The Socialists also had to deal then with the competition of a better organized, more disciplined Communist Party that, because of its leading role in the resistance movement, emerged from the war with national prestige. So far the Communists have not been tainted by the failures or mistakes of governmental responsibility.
"In the immediate postwar period, the Communist Party benefited from an image based on the single-mindedness of its cardres, the drawing power of the Soviet myth, and the wealth of its mentor, the Soviet Union," said Ronchey, adding that a slight Socialist lead over the Communists in 1945 had been wiped out only two years later.
More recently, said Aniasi, the Communists have been able to attract support from a variety of socio-economic groups while the Socialists have lost support across the board because of poor performance, infighting and above all a lack of organization.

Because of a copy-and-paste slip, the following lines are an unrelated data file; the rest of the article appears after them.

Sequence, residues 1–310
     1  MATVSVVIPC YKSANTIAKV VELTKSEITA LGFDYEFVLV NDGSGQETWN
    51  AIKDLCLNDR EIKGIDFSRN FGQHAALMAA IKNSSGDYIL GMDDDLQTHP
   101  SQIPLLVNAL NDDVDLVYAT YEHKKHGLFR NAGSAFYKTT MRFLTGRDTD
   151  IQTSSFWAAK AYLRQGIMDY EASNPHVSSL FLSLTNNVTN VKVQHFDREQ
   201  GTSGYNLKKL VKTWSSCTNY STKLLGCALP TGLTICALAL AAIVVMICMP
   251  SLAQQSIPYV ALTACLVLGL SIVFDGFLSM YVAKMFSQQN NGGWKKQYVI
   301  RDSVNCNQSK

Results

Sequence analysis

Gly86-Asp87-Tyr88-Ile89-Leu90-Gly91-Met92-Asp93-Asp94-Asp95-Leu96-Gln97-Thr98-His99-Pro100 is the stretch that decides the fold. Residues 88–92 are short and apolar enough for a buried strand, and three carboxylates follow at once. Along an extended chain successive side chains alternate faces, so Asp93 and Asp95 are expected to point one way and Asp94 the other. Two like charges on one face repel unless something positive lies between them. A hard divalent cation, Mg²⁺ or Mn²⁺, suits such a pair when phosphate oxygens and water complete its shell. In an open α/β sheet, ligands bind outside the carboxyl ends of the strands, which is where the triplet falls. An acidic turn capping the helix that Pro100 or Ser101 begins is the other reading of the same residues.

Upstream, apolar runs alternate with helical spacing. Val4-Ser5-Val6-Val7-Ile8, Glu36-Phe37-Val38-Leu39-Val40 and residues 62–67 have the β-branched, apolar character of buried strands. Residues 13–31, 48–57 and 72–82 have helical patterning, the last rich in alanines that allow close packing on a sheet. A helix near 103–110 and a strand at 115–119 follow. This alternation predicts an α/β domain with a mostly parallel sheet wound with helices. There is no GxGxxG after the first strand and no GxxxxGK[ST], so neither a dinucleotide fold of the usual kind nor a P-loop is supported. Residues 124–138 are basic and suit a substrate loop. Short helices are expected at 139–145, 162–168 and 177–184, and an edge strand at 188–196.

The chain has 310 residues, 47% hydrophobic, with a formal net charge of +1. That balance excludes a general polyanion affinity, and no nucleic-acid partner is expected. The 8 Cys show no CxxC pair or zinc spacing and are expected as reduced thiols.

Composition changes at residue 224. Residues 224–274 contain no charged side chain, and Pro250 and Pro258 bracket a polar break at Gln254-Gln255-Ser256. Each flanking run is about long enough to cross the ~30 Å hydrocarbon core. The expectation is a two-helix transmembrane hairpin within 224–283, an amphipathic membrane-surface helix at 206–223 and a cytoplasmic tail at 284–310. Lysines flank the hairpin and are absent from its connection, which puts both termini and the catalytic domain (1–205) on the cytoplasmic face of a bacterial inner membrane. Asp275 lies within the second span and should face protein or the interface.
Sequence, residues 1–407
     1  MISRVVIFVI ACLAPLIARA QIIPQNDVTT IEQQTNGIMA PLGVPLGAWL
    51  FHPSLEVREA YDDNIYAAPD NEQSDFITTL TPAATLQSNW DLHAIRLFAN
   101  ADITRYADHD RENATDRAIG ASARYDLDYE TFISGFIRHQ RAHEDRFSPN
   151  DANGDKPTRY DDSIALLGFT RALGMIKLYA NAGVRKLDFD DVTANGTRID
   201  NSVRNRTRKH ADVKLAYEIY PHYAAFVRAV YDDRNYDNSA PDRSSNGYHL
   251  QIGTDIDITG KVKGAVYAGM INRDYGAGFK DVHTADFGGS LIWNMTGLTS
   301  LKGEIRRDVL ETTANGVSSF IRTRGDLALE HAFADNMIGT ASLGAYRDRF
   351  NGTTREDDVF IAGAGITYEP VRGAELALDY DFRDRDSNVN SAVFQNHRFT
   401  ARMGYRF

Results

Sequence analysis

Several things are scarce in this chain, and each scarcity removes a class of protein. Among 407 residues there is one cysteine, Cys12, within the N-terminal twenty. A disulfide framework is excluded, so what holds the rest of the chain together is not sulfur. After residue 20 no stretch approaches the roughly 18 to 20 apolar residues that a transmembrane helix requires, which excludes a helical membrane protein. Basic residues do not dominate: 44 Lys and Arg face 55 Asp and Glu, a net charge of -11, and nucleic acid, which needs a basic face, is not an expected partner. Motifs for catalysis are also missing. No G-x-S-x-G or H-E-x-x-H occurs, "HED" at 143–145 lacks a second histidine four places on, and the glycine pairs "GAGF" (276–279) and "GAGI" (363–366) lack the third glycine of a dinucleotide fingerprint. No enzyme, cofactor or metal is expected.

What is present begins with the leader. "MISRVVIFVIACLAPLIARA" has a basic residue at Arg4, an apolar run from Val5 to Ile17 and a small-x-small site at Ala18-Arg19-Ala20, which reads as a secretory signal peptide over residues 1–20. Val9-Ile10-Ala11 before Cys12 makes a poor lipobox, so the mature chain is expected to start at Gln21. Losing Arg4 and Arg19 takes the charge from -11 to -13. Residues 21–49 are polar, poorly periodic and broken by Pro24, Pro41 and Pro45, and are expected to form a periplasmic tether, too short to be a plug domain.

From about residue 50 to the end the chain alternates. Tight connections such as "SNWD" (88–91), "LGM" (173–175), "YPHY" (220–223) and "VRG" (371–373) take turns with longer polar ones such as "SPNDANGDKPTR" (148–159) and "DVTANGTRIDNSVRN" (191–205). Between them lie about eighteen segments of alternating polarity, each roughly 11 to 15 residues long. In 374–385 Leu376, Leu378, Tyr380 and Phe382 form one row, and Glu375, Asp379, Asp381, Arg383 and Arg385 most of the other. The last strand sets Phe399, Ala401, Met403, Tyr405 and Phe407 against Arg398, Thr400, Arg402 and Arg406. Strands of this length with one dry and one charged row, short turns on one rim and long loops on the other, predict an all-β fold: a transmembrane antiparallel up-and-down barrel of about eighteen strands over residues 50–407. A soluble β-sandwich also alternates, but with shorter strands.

"Despite the fact that we have been the major champions of civil-rights issues here, like abortion and divorce, this has made only a minimal impact in a country whose votes for the Communists and Christian Democrats primarily reflect a desire for order," said Aniasi.
Last June's pro-Communist election platform worked primarily to the benefit of the Communists, who made huge advances to narrow significantly the gap separating them from the ruling Christian Democrats. "We shook the tree, but the Communists gathered the fruit," the Socialists complained. The Socialists are now worried that the incipient "historic compromise" between Catholics and Communists could put their party out of the running altogether.
Party leaders have been trying to tread a fine line between a pro-Communist policy and broader proposals - the latest is for bilateral talks with each of Italy's major parties - to keep lines open to both the Communists - and the Christian Democrats.